Prior to the conservation movement that grew popular during the progressive era, many Americans did not find themselves very concerned with the wellbeing of the local flora and fauna. Holiday bird hunting was just one tradition ingrained in American society that epitomized this lack of concern for the environment. This “festive” tradition known as the Christmas “side hunt” was an annual game in which participants were divided into teams and were commended for killing the highest amount of quarry. It wasn’t until the turn of the century that people began to notice the drastic effect that this holiday tradition had on the ecosystem. Scientists and civilians became concerned with the declining bird populations in their regions and began to encourage conservation efforts. Ornithologist Frank M. Chapman of the Audubon society proposed a “Christmas Bird Census” that would count the number of birds sighted during the holiday season and in turn help keep track of bird populations on a yearly basis. The first Christmas Bird Census took place on Christmas Day 1900, marking the first official Audubon Christmas Bird Count. This tradition has grown tremendously across the US over the last century. 25 bird counts took place during the very first CBC and according to the Audubon Christmas Bird Count website, 672 counts took place and over 8 million birds were counted in 2019 alone. The Audubon website also provides data regarding the bird counts in specific states and regions. If you’re curious about the bird count in your region check out the Audubon CBC website and click CBC Trends Viewer on the home page. Here you’ll have access to a US map in which you can narrow your results by bird species and region. The results will show the population trend of that species over the past few decades.
This type of long term data is important to track and analyze because it’s essential when it comes to detecting abnormalities and assessing environmental trends. These abnormalities and trends can result from environments being affected by natural and/or anthropogenic stressors in the region, such as deforestation and urbanization. Through the CBC, researchers have been able to keep track of potential stressors affecting local bird species by gathering long-term data sets. Just recently, 2018 was a year that yielded bountiful results. During this count, 52 participants gathered to assess the quantity and diversity of various species found in the Kendall CBC Circle which includes the Deering Estate. A total of 137 bird species were reported—the Laughing Gull (2,900) and the Turkey Vulture (2,200) found to be the most abundant. During Deering Estate’s most recent CBC that took place in 2019, there was a decrease in diversity and number of species observed due to continuous rains and heavy winds. Despite the weather conflict, Deering Estate Recreation Specialist and Birdwatcher Rangel Diaz was still able to gather data and detect significant environmental changes. He said, “Here on the property we have seen Swainson’s and Hooded Warbler this winter. Throughout the county other species such as Louisiana Waterthrush, Golden-winged, and Blackburnian Warbler have also been spotted this winter.” Diaz says that this change is a “direct effect of climate change” and indicates these species’ “lack of a need to continue their migration since the resources are plentiful in the area”. This goes to show that natural environments can be greatly affected by seemingly distant external factors. It also indicates that the composition of environments are often subject to change, which stresses all the more the importance of gathering long term data.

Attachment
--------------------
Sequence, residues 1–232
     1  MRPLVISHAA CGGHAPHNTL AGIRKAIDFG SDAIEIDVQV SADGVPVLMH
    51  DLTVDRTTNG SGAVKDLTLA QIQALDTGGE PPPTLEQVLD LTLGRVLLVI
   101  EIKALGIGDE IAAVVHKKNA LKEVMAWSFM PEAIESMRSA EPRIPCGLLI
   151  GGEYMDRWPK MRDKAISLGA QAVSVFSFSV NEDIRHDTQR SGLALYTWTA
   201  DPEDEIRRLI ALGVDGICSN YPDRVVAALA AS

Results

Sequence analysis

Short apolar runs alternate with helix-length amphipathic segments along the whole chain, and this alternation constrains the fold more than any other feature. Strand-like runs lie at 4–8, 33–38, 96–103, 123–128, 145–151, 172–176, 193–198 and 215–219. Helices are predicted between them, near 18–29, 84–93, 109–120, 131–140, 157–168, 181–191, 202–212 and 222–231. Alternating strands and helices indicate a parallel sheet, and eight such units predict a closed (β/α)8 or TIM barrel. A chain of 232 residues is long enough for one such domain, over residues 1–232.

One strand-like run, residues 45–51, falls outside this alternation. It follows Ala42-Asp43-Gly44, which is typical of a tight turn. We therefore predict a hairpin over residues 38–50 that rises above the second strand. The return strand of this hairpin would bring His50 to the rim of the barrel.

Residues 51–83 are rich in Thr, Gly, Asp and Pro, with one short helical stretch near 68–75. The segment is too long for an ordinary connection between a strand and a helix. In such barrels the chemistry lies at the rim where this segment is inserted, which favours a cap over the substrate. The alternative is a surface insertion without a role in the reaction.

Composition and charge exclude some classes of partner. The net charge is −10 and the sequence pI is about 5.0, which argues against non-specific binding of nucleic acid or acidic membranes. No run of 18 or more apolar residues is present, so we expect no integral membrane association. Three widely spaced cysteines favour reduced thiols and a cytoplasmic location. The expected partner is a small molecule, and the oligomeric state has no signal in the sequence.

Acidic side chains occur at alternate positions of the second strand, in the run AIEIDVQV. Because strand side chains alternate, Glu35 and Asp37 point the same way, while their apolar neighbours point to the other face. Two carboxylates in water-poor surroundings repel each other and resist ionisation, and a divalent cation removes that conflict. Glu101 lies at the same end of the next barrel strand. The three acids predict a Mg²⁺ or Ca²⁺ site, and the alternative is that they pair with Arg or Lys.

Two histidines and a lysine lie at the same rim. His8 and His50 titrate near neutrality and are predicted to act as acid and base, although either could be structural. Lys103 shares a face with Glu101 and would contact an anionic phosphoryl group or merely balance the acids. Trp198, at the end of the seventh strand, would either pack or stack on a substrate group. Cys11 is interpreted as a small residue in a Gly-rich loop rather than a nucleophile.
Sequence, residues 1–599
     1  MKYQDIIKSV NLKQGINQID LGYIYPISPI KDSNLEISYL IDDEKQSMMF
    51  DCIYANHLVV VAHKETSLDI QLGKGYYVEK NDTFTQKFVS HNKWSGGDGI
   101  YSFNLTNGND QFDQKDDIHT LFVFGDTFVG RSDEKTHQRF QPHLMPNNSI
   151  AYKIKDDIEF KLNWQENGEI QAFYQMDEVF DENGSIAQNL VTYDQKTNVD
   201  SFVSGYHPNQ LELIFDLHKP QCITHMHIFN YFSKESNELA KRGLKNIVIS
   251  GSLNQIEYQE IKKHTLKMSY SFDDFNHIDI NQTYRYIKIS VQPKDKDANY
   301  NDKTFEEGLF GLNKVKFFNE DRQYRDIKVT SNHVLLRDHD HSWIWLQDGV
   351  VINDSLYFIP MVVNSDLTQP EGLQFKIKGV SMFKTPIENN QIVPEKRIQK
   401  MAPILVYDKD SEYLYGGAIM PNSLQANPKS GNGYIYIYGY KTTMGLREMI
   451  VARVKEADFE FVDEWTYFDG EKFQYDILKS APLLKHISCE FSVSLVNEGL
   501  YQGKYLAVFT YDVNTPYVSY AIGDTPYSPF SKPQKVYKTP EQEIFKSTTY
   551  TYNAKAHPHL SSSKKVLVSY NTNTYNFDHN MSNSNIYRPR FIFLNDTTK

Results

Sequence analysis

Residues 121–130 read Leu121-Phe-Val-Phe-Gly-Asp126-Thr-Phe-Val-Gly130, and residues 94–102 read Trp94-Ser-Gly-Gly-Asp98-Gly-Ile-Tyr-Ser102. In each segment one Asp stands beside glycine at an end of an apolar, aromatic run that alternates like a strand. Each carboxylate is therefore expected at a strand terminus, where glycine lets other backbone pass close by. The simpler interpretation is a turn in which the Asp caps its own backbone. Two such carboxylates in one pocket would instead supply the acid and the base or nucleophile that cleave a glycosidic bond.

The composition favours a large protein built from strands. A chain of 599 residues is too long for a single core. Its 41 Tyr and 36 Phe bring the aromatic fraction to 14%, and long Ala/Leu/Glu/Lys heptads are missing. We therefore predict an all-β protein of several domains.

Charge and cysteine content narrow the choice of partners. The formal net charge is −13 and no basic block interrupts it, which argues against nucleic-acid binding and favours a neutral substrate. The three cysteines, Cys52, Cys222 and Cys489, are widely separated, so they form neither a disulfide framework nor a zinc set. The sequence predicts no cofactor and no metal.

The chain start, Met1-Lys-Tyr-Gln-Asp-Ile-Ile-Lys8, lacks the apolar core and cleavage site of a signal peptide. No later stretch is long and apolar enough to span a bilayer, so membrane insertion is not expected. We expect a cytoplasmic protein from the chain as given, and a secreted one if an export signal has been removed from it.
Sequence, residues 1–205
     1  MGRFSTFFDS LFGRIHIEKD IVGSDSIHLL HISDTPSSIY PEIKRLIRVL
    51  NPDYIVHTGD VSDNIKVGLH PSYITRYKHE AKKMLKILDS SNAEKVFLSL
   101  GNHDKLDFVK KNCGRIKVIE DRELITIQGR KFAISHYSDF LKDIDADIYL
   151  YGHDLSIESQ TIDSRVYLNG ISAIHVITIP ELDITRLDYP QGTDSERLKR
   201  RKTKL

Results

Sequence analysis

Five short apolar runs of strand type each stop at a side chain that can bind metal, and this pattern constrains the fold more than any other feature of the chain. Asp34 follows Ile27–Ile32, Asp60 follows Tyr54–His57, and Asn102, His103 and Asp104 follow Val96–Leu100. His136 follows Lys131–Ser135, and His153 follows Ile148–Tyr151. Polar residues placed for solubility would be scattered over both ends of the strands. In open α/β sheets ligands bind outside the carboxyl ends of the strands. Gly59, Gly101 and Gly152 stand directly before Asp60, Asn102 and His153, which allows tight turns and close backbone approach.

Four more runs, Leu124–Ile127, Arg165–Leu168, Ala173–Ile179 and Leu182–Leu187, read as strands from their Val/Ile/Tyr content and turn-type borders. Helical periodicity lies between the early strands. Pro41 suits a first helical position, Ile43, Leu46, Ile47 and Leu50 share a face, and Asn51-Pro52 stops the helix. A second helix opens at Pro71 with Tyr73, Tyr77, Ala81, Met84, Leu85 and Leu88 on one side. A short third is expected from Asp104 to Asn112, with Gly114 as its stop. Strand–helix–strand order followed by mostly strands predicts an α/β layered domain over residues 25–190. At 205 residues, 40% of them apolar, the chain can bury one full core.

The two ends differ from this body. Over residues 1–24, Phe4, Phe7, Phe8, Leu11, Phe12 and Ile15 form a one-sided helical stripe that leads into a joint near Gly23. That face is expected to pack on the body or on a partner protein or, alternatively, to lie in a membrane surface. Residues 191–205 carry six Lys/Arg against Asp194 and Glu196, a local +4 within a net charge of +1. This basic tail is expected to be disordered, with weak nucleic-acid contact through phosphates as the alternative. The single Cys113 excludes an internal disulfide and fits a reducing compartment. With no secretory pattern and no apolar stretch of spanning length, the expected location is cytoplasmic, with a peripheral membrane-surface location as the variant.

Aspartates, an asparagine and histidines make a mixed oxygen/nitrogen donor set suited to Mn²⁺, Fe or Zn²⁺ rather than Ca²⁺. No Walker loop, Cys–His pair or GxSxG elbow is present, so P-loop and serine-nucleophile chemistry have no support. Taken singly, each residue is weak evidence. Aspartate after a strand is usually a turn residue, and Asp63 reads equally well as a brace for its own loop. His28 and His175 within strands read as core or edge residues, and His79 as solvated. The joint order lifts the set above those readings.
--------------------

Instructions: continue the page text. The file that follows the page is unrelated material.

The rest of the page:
When Frank Chapman proposed the Audubon Christmas Bird Count as an alternative to bird hunting, I’m not sure he foresaw it lasting for the next 120 years. Not only has the count grown into a festive holiday tradition, but it has also become a vital way of tracking bird population trends and encouraging conservation efforts. As we begin to notice significant changes in weather patterns and as urbanization continues to grow, keeping track of our local bird population—or any flora and fauna population for that matter—is more important now than ever before. We hope to see you participating in the Audubon Christmas Bird Count next holiday season!
About Grace McGregor
Grace is a sophomore at the College of William & Mary, where she plans on studying Marketing and Psychology. She is currently a Marketing intern at the Deering Estate in Palmetto Bay.